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COVID-19 hospitalizations due to Omicron are vastly underreported: grassroots organization

With provinces releasing less frequent data on COVID-19 three years into the pandemic, a group of volunteer experts has been releasing their own analysis of cases, highlighting a vast underreporting of hospitalizations and deaths in Canada due to the Omicron variant.

Recent figures based on this analysis show that expected hospitalizations from Omicron could be 70 per cent higher on average than what has been reported since Dec. 2, 2021, if the rest of the country reported as Quebec did.

"If each province reported in a similar fashion as Quebec, which is the gold standard in Canada for complete and timely reporting of severe COVID outcomes, then these numbers would look very different from those that have been reported," Tara Moriarty, an infectious disease expert at the University of Toronto and the co-founder of COVID-19 Resources Canada, told on Tuesday.

The difference is also significant for Omicron deaths, which are expected to be 51 per cent higher than reported, according to the data.

"It became critical to provide this information to the public," said Moriarty.

Founded in March 2020, the grassroots initiative – made up of scientists, healthcare professionals, and web developers – collates data from different sources including information from provincial databases and Statistics Canada, and gets its funding from the Public Health Agency of Canada.


Since Dec. 2, 2021, the total expected hospitalizations from Omicron in Canada were roughly 162,000 - a huge jump of 70 per cent from the reported 95,000 hospitalization cases, according to the information provided on the dashboard.

Moriarty said even with reporting delays, the difference in hospitalizations, ICU admissions, and deaths from Omicron alone is huge.

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Expected deaths from Omicron are 51 per cent higher than what has been reported. An earlier report by the 2021 Royal Society of Canada—in which Moriarty was involved– showed that on average, provinces outside Quebec likely under-reported COVID deaths by 1.4 fold, and that the country as a whole underreported by 1.3 fold.

Moriarty said outside of Quebec, the gap in reported and expected deaths has been growing during Omicron.

As in hospitalizations and deaths from Omicron, ICU admissions from the variant are also being underreported. ICU admissions are most likely 29 per cent higher than what is being reported— an expected 22,200 ICU admissions in comparison to 14,750 reported ones, according to the data analysis by COVID-19 Resources Canada.


According to Moriarty’s estimates, 53 per cent of all Canadians have been infected with Omicron since December 2021, equaling 20.3 million people.

A breakdown by age shows that an estimated 59 per cent of those infected are below the age of 40.

Data shows that per capita infections remained high in Atlantic Canada compared with most other regions from mid-February onward. While cases across Canada are coming down, the total estimated Omicron infections per capita have been the highest for Nova Scotia.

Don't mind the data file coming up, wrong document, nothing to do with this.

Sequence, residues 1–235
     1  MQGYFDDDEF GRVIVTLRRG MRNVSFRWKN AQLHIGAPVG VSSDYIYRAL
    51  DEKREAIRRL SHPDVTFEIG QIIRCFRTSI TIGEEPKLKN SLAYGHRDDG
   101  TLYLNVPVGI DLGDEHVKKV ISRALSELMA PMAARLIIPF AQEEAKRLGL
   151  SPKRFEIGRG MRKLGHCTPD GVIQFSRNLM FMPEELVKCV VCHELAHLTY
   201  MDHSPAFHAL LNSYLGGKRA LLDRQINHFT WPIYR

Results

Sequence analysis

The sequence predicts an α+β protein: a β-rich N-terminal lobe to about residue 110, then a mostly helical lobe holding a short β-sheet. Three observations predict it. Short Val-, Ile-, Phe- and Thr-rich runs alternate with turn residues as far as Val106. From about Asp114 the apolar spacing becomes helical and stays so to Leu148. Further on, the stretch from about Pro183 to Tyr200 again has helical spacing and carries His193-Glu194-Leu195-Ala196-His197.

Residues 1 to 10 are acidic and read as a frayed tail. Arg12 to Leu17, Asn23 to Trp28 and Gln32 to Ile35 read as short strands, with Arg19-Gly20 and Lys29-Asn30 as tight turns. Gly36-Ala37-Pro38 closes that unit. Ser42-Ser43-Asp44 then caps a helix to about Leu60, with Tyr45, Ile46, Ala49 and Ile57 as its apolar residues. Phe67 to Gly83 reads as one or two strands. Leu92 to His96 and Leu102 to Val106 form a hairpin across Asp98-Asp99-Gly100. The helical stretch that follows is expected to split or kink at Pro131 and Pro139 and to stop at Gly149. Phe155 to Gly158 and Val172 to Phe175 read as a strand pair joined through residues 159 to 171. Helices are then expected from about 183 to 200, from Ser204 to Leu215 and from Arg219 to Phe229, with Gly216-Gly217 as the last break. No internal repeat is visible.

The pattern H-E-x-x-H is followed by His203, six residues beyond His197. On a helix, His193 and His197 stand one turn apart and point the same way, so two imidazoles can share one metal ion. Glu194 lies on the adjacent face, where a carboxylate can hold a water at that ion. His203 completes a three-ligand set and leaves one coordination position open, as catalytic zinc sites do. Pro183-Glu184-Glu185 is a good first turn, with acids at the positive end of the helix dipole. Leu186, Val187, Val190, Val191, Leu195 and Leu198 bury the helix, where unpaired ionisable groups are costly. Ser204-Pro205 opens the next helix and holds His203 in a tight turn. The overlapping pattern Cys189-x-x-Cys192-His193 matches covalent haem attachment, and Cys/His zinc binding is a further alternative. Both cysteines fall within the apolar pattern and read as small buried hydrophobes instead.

Nova Scotia also has the highest hazard index while the rest of the country is either rated elevated or high. The hazard index designed by COVID-19 Resources Canada is measured by four equally weighted scores: vaccine protection, current infection and spread, healthcare system impact, and mortality.

In early January of this year, Nova Scotia had a high hazard risk while most provinces were under the severe category of the index. But the picture is reversed now.

The test positivity rates estimated infections and wastewater is high in Nova Scotia while they’re down in other provinces. Moriarty says part of the reason is that the percentage of Nova Scotians infected was low for several months of 2022 and even last December.

"They certainly kept up some public health measures, like masking for example, and had a very proactive public health system," Moriarty said. "One big thing was that Nova Scotia was testing a lot more per capita than any other province until recently."

Now with public health measures gone, the province has the highest hazard index.

The surge in hospitalizations, and deaths started happening when Nova Scotia started testing as little as the rest of the country. Another reason, Moriarty said, is that they have a lot more people who hadn’t been infected before so the cases started seeing an uptick.


The dashboard also analyzes the rising costs associated with Omicron hospitalizations and compares them with the non-COVID hospitalization costs.

Based on the analysis, COVID-19 Resources Canada reduced the CIHI-estimated COVID-19 hospitalization costs by 27 per cent, to account for the shorter average duration of hospitalizations from Omicron.

The Canadian Institute for Health Information (CIHI) estimates show that the average cost of a COVID-19 hospital stay is $23,000— about 3 times more than for a heart attack ($7,000) or pneumonia ($8,000), four times more than the cost of a stay for influenza (approximately $5,000) and almost as much as a kidney transplant ($27,000).

People with COVID-19 remained in the hospital for about twice as long as an average pneumonia patient—roughly 15 days in comparison to seven days from pneumonia— and a larger proportion of them were admitted to the ICU and ventilated, according to the CIHI data. Top Stories

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